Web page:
acidity will taste "lean"; one low in acidity "fat." *This is further
modified by the degree of extraction (phenolic extract or dry extract)
in that wine, with the greater extraction reducing perceived leanness
and v.v.


ok, that's helpful.

A good example of a "lean" wine is almost any Italian white
wine. *Pick up the latest vintage of a Bolla Soave.


plonk?

For a "fat" wine, try a cheap Aussie Shiraz. *The lastest
version of Yellowtail Shiraz should serve admirably in that
regard (once you get past the sweetness
of the residual sugar).


plonk?


Why this question? Certainly both are cheap and popular
wines - he was trying to give you examples that are easily
available and don't cost much.

I suppose I'd characterize Yellowtail as plonk, but so what?

Also, what does structure mean?


Structure refers to the combination of acidity and tannins,
especially in the context of red wine, that help make a wine
ageworthy. *From a sensory perspective, structure is
associated with increased astringency
(bitterness) and increased sourness (acidity). *A highly structured
wine won't be very pleasant to taste in its youth, in most cases.


That brings up another question - which wines are
selected for aging, why, how? Which you've addressed.
Is a wine produced with storage in mind, or is that
decided after it comes out of the barrel?


Wines are produced with aging in mind, or (for the most
part) not.

I mostly avoid red wines, on account of the tannins.
That signals a wine intended for aging, to smooth
out. But overwhelmingly, people drink them young.
I don't get it - they enjoy a beverage which makes
them pucker?

Can you a suggest a wine which is acidic but not
tannic, and vice versa?


Pinot noir tends to be acidic and not tannic. Valpolicella
also tends to be acidic and not tannic.

The aforementioned Yellowtail Shiraz is often tannic with less
acidity.
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Old 24-03-2012, 01:42 PM posted to alt.food.wine,rec.food.drink
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Mike Tommasi writes:

On 23/03/2012 15:56, Doug Anderson wrote:

Pinot noir tends to be acidic and not tannic. Valpolicella
also tends to be acidic and not tannic.


Sorry, I disagree Doug... in a nice way of course :-)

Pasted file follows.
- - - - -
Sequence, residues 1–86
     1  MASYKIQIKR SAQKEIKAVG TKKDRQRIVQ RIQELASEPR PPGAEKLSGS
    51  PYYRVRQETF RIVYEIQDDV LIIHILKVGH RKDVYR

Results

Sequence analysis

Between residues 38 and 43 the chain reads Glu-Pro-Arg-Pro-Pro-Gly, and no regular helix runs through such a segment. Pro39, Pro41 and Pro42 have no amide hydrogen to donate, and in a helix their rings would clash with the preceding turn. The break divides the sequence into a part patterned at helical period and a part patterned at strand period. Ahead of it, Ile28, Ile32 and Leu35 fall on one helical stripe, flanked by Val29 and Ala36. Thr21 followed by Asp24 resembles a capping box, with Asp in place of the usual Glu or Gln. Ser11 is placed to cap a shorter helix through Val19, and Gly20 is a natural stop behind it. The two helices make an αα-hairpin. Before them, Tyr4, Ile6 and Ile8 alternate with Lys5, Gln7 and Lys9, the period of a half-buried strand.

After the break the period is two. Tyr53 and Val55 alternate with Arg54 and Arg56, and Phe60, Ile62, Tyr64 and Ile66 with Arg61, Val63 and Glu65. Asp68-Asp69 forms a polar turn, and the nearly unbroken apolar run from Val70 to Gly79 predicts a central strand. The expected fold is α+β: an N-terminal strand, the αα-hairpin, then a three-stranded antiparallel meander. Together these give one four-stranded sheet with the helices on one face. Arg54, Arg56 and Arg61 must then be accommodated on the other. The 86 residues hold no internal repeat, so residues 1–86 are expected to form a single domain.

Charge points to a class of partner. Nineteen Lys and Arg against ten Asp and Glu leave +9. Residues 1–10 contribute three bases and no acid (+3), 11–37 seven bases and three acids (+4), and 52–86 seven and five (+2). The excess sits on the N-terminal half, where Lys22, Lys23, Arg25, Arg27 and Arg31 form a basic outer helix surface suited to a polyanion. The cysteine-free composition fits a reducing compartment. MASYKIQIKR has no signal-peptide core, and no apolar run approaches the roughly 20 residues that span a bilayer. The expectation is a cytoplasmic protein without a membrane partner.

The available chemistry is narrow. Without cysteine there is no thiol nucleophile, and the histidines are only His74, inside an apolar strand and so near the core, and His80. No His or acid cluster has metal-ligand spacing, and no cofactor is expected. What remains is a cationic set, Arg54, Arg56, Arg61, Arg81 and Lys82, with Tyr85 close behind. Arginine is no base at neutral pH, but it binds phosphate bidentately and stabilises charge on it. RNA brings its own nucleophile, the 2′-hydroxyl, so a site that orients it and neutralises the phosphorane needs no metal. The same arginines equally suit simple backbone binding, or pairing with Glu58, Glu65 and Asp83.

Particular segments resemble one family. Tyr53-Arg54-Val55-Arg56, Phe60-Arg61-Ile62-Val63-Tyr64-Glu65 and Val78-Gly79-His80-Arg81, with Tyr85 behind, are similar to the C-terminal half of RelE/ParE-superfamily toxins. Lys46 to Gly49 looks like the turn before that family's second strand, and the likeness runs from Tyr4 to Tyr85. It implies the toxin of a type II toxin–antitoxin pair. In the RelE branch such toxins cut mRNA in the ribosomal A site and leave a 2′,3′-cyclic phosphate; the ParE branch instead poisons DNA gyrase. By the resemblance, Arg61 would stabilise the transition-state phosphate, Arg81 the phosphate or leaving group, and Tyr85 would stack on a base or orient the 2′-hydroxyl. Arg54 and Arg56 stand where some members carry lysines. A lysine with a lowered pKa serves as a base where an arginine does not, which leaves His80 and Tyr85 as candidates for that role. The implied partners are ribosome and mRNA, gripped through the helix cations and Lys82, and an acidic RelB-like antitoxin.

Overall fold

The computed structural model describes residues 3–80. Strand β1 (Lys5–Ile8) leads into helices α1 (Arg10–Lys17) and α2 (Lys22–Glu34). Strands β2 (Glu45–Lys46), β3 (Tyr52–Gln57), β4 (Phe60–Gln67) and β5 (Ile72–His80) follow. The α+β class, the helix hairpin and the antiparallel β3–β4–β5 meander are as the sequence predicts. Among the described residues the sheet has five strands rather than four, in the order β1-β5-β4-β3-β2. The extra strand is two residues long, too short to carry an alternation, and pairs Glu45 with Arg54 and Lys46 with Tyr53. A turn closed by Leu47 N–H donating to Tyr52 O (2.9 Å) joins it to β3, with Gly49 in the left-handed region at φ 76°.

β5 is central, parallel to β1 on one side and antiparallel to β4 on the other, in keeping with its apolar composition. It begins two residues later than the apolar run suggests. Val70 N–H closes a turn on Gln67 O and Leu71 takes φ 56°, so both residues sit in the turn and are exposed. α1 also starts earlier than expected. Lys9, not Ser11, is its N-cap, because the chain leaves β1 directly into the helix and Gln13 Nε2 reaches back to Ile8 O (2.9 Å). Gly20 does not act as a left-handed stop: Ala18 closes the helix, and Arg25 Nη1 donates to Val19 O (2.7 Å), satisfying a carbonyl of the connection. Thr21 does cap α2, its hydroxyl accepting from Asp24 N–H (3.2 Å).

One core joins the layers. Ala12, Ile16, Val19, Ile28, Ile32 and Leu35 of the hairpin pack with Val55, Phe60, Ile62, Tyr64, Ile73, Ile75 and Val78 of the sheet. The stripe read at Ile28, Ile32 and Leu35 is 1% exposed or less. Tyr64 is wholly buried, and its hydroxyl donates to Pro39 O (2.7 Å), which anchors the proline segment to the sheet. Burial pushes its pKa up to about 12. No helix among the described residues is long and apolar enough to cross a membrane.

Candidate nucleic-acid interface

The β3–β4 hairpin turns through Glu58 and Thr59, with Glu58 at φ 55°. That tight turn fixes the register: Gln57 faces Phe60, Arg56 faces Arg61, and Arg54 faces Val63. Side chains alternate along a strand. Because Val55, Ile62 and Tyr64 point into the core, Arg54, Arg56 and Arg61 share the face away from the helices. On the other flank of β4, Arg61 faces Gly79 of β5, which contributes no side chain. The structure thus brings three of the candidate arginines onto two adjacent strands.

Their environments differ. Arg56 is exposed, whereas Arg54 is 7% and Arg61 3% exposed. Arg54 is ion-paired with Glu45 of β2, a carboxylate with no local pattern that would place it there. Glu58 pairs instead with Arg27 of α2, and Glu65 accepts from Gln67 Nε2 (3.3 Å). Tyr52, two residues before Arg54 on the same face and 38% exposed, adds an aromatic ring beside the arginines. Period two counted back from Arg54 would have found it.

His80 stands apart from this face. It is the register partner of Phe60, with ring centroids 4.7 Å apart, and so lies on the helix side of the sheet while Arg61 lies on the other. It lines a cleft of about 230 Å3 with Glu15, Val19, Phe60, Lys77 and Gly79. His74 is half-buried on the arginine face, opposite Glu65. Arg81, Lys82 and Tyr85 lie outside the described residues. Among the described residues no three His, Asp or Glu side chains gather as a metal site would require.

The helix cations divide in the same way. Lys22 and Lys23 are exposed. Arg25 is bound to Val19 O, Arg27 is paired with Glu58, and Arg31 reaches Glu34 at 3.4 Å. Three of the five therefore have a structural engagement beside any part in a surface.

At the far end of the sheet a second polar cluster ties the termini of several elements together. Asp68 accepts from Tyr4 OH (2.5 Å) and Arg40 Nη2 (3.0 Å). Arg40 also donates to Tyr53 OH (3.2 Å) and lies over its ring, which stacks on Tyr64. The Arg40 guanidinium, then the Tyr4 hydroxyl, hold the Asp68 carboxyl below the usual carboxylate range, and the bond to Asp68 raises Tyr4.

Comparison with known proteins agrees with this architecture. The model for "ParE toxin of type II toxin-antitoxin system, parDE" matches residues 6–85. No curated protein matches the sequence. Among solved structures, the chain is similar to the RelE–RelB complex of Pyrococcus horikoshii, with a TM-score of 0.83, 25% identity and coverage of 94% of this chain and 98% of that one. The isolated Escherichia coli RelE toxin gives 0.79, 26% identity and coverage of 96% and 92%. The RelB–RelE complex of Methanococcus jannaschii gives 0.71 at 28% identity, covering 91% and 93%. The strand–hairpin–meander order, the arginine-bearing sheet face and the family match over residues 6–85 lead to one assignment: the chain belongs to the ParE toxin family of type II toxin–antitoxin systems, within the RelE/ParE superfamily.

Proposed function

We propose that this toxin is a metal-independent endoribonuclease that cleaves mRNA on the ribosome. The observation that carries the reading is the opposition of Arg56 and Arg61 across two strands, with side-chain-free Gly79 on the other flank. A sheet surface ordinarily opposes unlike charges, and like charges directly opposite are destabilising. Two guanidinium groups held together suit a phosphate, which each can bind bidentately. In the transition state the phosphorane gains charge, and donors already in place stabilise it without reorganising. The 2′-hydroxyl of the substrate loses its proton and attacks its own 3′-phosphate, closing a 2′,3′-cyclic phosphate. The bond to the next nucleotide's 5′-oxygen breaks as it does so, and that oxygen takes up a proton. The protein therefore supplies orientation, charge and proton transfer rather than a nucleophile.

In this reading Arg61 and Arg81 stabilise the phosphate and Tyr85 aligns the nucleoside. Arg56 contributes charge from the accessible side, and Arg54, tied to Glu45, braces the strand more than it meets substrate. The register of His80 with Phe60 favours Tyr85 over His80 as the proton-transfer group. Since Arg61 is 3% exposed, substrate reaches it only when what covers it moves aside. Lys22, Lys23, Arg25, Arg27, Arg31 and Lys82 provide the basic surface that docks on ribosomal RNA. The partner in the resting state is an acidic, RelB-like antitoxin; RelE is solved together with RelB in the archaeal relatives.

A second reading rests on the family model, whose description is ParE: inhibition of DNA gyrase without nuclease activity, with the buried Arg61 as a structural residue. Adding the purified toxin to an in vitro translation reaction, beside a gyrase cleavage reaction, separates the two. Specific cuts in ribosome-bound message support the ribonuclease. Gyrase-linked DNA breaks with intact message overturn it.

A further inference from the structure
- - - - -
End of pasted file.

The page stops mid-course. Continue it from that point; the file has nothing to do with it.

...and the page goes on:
I'm guilty of over-generalizing.

Does the lower colour density imply lower tannin? I don't think there
is ANY correlation. Macerate white grapes (vinify them as a red) and
that (slightly off white) wine will be tannic too.

Would you not agree that Burgundies ARE in fact tannic (and how!), and
so is Amarone (and how!)...?


Sadly I've had too few Amarones to venture an opinion on them.

My experience with Burgundy is less limited but also quite limited
compared to yours and I've found them considerably less tannic than
(for example) Bordeaux, though of course this depends some on the
wine-making.

My experience with US PN, in particular from Oregon is considerable
and these wines are generally not particularly tannic.

So I would say wine from PN is maybe SLIGHTLY less tannic than, say, a
cab madewith the same technique, but I would not say they are NOT
tannic.

A better example of a definitely low tannin wine is Beaujolais.


Agreed.


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Old 25-03-2012, 02:00 AM posted to alt.food.wine,rec.food.drink
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"Mike Tommasi" wrote in message
...
On 23/03/2012 15:56, Doug Anderson wrote:

Pinot noir tends to be acidic and not tannic. Valpolicella
also tends to be acidic and not tannic.


Sorry, I disagree Doug... in a nice way of course :-)

Does the lower colour density imply lower tannin? I don't think there is
ANY correlation. Macerate white grapes (vinify them as a red) and that
(slightly off white) wine will be tannic too.

Would you not agree that Burgundies ARE in fact tannic (and how!), and so
is Amarone (and how!)...?

So I would say wine from PN is maybe SLIGHTLY less tannic than, say, a cab
madewith the same technique, but I would not say they are NOT tannic.

A better example of a definitely low tannin wine is Beaujolais.

As for Lambrusco, well, I have had some low yield well extracted wines
from that area that are as tannic as the next wine.


Not forgetting wood tannins from oak treatment.

Cheers!

Martin